After over 25 years of violence Sri Lanka’s civil war ended in 2009. Both sides - security forces and Tamil rebels - were accused of serious human rights violations and caused the displacement of hundreds of thousands of people and a death toll of over 70,000. The scars from this horrific time can still be seen today and with thousands of children who have missed out on their education or fallen behind, education remains an area of significant inequality.
In early 2018, Street Child successfully piloted a 6 month teacher training strategy aimed at improving curriculum knowledge and teaching pedagogy for English teachers in Batticaloa West Zone - an area in which 93% of students failed their English O-Levels in 2016. Building on this success we will be replicating and expanding the teacher training model across Batticaloa District and neighbouring Trincomalee District in 2019, whilst continuing efforts to support education in Batticaloa West.
Our programmes in Sri Lanka follow Street Child’s global mandate of partnering with local organisations and building their capacity. So we are working closely with our local partners to improve the quality and capacity of their organisations.
Further to our teacher training and capacity building, Street Child of Sri Lanka is carrying out research and scoping out new programmes.
How you can make an impact.
As Street Child of Sri Lanka is in the early stages of operations volunteers are playing a crucial role in the development of our programmes. Volunteers time is often spent on research and scoping out new programmes, with a particular focus on education; child-protection; disaster-risk reduction and resilience; and funding opportunities. With your help we are able to ensure that we implement sustainable and impactful programmes. As Street Child of Sri Lanka grows and develops more projects, volunteers will have the chance to be directly involved in the implementation and monitoring of projects as well as the current capacity building opportunities.
Capital City: Sri Lanka’s legislative capital is Sri Jayawardenepura Kotte, which is a suburb of the commercial capital, Colombo.
Population: 21 Million +
Climate: The climate is heavily dependent on what part of the country you are in. There are two monsoon seasons which bring rain to the west and south-west coasts from May to September; and the east coast and northern region between October and February. The rest of the year is sunny and dry.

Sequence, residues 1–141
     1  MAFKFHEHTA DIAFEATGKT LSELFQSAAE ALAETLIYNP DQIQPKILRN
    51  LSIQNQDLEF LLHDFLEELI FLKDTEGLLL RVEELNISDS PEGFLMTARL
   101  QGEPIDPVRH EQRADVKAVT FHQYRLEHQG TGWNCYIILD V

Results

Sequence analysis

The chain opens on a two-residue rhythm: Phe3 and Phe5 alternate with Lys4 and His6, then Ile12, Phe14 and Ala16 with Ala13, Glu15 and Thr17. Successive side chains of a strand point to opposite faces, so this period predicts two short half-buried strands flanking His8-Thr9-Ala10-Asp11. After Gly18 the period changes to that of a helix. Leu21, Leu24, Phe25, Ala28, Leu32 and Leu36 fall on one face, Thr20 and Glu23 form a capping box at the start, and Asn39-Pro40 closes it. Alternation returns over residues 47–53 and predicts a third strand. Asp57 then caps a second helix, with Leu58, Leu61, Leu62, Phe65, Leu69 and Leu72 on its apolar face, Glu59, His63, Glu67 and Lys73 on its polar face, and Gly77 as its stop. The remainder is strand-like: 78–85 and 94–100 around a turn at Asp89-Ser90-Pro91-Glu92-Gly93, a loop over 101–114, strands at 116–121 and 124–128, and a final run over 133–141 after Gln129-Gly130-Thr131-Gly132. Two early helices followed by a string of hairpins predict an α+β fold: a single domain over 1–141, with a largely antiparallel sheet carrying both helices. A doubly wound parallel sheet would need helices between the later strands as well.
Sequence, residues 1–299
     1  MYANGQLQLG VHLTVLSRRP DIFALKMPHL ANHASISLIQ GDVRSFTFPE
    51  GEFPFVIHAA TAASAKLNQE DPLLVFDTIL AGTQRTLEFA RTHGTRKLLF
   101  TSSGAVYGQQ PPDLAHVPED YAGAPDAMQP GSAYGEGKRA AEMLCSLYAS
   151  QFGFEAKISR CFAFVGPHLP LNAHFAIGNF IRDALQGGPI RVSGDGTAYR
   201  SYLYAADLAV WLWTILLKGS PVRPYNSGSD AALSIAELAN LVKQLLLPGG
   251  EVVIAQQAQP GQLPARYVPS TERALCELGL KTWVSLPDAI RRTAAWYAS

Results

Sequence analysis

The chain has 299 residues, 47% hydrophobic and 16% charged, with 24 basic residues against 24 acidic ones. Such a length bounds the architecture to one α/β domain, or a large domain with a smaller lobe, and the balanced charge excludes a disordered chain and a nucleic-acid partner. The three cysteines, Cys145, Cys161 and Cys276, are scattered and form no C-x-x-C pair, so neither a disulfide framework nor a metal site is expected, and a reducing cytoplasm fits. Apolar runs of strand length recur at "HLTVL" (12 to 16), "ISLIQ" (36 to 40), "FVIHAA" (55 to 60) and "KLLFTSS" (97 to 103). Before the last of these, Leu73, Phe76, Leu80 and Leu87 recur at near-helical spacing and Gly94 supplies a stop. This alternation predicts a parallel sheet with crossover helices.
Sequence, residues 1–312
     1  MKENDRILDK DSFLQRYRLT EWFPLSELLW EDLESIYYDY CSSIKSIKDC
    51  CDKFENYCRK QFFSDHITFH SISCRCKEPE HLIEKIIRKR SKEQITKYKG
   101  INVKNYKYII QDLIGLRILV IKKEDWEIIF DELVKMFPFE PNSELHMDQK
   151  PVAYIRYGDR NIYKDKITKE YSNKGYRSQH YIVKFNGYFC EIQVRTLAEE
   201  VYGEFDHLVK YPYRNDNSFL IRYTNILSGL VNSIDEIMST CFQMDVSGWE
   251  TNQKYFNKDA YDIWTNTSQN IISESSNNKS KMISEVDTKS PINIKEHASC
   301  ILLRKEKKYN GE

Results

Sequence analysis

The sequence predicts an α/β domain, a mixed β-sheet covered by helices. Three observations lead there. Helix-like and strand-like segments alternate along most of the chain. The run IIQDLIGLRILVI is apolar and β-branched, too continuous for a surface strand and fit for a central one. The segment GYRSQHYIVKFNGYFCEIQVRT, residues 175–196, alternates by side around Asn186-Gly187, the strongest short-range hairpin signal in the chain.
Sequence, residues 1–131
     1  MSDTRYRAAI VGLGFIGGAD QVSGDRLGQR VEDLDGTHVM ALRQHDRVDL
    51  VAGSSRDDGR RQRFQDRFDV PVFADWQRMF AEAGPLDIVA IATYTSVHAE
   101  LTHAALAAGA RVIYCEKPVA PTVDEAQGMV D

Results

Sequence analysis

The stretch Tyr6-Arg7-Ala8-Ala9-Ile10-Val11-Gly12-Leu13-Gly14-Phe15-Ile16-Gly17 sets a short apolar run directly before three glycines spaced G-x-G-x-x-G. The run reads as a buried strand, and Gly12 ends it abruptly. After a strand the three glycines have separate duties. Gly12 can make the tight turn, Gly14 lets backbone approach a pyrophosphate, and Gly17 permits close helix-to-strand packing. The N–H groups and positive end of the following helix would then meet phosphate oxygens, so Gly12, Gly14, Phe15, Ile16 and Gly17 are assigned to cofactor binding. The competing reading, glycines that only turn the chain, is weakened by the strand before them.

Language: Sinhala, Tamil, English
Food: Sri Lanka is renowned for its curries, dhals and hoppers just to mention a few and they do not disappoint.
Life in Sri Lanka.
Street Child of Sri Lanka is currently located in the city of Batticaloa, Eastern Province – a tranquil and diverse city situated on a lagoon. Volunteers are offered two options for accommodation (both have non-AC and AC options):
The YMCA hostel, which is situated in the same compound as Street Child’s office – offers basic rooms and easy access to the local restaurants, shops, and other amenities within Batticaloa Town. The hostel has a small cafeteria and washing machine, but no cooking facilities – although volunteers can expect to spend little more than £1 for a meal in town.
The second option is the Riviera Resort, located 2-km (a 10 minute tuk-tuk journey) from Street Child’s office. The resort is in a serene area on the edge of the lagoon and nearby to Kallady Beach, and offers a range of accommodation from basic to more comfortable options. The resort has a swimming pool and reasonably-priced restaurant that offers both Sri Lankan and Western cuisine, although there are fewer amenities such as shops and restaurants nearby.
In the evenings volunteers are able to visit the town, local parks and beaches, and visit different restaurants and bars in Batticaloa town. On the weekend volunteers tend to travel to nearby attractions such as Pasikudah beach resort, or other parts of Sri Lanka including the coastal towns of Trincomalee and Arugam Bay in Eastern Province, historic areas such as Sigiriya, Polonnaruwa, and the picturesque hill country in central Sri Lanka.
Want to hear from our past volunteers? Click here to read about Janet’s Sri Lankan adventure.
Head over to Street Child’s main website to discover more about our work in Sri Lanka: